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Weaker brain connections tied to self-control predict cigarette cravings during nicotine withdrawal

Tobacco control in the United States is often presented as a major public health achievement. The claim is certainly justified: the percentage of adults who report regular smoking has been more than halved, from 42% to 19%, in the past 50 years. However, the pace of this decline has stalled in recent years and tobacco remains the leading preventable cause of morbidity and mortality in the United States, resulting in more than 440,000 deaths in the United States each year, with an additional 8.6 million people suffering from a serious smoking-related illness. The fact is that, despite the recognition of its harms, nicotine addiction is notoriously difficult to overcome. This suggests the need for increased efforts to identify those at risk for persistent smoking and to maximize successful quit attempts among current smokers. A new study explored the possibility that the strength of the connections between brain networks implicated in the evaluation of reward, the orchestration of high cognitive functions, and wakeful rest could constitute a useful biomarker of an individual’s state during nicotine withdrawal. To test this hypothesis, NIDA-supported researchers recently developed a new metric – Resource Allocation Index (RAI) – that reflects the combined strength of interactions between those networks. Using this metric, they found that the RAI was significantly lower in the abstinent compared to smoking satiety condition, a result that suggests a deficit in self control. More importantly, weaker inter-network connectivity predicted abstinence-induced craving. The development of this brain based signature may serve as a clinical biomarker for the identification of smokers who are most likely to respond to a particular treatment as well as for the screening of novel treatments for smoking cessation.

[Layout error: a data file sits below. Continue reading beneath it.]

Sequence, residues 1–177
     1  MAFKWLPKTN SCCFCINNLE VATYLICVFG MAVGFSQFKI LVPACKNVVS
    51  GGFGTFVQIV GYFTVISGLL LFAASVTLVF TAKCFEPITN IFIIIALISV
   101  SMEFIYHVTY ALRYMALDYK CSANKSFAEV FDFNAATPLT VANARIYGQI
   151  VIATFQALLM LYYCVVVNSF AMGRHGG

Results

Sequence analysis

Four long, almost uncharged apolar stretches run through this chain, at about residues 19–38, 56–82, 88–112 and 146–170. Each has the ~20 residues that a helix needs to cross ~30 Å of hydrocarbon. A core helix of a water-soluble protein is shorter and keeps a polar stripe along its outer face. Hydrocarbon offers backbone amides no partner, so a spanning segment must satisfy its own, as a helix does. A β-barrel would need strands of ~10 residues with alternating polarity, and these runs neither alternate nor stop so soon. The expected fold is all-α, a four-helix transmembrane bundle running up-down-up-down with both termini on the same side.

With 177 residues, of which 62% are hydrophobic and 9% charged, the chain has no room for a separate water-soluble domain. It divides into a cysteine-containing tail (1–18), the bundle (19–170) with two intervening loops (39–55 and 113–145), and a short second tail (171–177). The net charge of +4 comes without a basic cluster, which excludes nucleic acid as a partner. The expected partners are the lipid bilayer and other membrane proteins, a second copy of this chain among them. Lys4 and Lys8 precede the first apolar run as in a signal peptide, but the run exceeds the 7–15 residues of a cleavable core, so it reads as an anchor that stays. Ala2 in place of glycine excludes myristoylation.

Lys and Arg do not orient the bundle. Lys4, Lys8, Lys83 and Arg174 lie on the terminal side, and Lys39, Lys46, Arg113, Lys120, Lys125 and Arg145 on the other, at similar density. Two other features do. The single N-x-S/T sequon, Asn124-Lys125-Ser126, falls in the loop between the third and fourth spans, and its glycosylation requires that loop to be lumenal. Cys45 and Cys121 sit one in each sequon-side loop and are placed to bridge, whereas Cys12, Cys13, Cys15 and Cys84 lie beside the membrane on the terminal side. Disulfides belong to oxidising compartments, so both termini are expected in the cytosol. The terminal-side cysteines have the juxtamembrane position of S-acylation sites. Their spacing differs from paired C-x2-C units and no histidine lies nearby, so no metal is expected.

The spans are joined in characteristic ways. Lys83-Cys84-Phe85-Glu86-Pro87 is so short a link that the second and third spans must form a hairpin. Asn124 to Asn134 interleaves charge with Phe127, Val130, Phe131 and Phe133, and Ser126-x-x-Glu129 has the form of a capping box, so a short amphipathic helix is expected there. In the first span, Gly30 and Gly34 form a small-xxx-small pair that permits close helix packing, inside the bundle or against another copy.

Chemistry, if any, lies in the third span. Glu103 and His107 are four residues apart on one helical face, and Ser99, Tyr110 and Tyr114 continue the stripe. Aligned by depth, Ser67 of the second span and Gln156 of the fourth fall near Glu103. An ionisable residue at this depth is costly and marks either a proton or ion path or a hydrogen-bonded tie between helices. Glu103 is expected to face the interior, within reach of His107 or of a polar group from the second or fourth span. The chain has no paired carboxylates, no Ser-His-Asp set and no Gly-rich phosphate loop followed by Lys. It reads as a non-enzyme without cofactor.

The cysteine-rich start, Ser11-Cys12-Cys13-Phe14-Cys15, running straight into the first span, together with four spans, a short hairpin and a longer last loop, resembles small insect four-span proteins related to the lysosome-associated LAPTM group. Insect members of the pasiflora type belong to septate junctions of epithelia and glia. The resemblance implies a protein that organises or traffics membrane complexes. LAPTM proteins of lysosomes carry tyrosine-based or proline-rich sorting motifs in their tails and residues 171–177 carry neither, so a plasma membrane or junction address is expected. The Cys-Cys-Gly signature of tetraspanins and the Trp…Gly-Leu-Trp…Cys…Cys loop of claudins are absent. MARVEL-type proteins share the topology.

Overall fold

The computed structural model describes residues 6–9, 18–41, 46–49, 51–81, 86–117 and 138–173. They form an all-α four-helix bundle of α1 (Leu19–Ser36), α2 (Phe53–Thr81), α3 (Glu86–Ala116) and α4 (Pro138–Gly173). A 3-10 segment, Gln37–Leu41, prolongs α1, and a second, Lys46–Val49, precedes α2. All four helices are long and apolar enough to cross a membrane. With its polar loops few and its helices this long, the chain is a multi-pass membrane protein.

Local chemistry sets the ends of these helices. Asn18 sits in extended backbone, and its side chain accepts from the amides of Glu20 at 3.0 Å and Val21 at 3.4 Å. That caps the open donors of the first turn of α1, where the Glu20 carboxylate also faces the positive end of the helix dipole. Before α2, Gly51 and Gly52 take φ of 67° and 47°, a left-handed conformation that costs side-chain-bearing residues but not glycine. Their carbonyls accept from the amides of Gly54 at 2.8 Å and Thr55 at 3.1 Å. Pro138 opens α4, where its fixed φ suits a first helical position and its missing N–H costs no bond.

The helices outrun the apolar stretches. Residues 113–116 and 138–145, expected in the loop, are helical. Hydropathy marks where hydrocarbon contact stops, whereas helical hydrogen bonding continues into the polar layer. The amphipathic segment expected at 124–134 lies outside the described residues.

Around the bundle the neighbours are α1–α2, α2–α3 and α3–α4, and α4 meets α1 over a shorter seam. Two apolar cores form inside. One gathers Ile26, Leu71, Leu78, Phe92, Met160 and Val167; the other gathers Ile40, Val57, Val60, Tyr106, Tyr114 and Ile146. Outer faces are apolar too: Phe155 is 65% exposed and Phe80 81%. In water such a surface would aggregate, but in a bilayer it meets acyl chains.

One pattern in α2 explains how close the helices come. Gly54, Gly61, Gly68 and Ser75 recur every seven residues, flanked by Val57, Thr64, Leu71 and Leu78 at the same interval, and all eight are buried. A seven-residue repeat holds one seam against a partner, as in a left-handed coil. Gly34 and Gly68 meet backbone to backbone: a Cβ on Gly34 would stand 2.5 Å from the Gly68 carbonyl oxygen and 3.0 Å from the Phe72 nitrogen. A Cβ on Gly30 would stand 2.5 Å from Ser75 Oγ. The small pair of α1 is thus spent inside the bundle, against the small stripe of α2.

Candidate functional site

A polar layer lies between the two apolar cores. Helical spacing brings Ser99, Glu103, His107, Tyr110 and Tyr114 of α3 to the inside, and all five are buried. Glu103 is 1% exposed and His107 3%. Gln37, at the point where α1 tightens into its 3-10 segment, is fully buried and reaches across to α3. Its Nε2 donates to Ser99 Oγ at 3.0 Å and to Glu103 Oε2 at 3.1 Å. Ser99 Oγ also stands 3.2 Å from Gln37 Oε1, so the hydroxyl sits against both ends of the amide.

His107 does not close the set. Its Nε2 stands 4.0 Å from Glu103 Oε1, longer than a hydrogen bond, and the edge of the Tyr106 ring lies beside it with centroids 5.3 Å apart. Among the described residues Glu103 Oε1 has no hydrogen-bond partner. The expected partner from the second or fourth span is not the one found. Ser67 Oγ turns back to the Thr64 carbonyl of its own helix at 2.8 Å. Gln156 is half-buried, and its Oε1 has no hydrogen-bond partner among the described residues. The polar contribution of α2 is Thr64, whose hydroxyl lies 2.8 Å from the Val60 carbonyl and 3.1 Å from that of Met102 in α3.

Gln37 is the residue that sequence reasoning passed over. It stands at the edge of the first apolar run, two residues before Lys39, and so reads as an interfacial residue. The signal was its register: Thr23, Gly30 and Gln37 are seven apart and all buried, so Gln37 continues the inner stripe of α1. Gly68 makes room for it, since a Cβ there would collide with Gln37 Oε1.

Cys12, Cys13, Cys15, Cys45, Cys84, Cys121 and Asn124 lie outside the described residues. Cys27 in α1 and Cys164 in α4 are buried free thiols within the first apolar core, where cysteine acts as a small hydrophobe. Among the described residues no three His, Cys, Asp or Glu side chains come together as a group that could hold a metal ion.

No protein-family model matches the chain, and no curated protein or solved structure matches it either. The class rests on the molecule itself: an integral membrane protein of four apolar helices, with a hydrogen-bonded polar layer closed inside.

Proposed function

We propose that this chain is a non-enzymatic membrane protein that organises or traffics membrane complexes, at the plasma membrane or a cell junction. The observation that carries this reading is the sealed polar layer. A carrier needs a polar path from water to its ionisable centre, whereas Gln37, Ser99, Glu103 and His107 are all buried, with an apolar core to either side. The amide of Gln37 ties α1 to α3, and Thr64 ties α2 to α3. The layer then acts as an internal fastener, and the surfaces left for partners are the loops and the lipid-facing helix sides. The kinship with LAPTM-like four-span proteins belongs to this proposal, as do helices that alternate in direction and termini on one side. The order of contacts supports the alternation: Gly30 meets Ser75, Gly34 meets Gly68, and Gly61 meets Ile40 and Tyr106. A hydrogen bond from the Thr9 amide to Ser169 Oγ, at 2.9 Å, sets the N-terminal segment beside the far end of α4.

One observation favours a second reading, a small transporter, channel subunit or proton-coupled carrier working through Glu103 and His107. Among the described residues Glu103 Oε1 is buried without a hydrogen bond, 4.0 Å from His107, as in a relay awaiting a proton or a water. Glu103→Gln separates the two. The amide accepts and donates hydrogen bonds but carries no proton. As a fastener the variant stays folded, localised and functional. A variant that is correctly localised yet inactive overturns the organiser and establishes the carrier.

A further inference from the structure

For a copy of the article abstract, go to:
https://archpsyc.jamanetwork.com/article.aspx?articleid=1840327

This page was last updated March 2014

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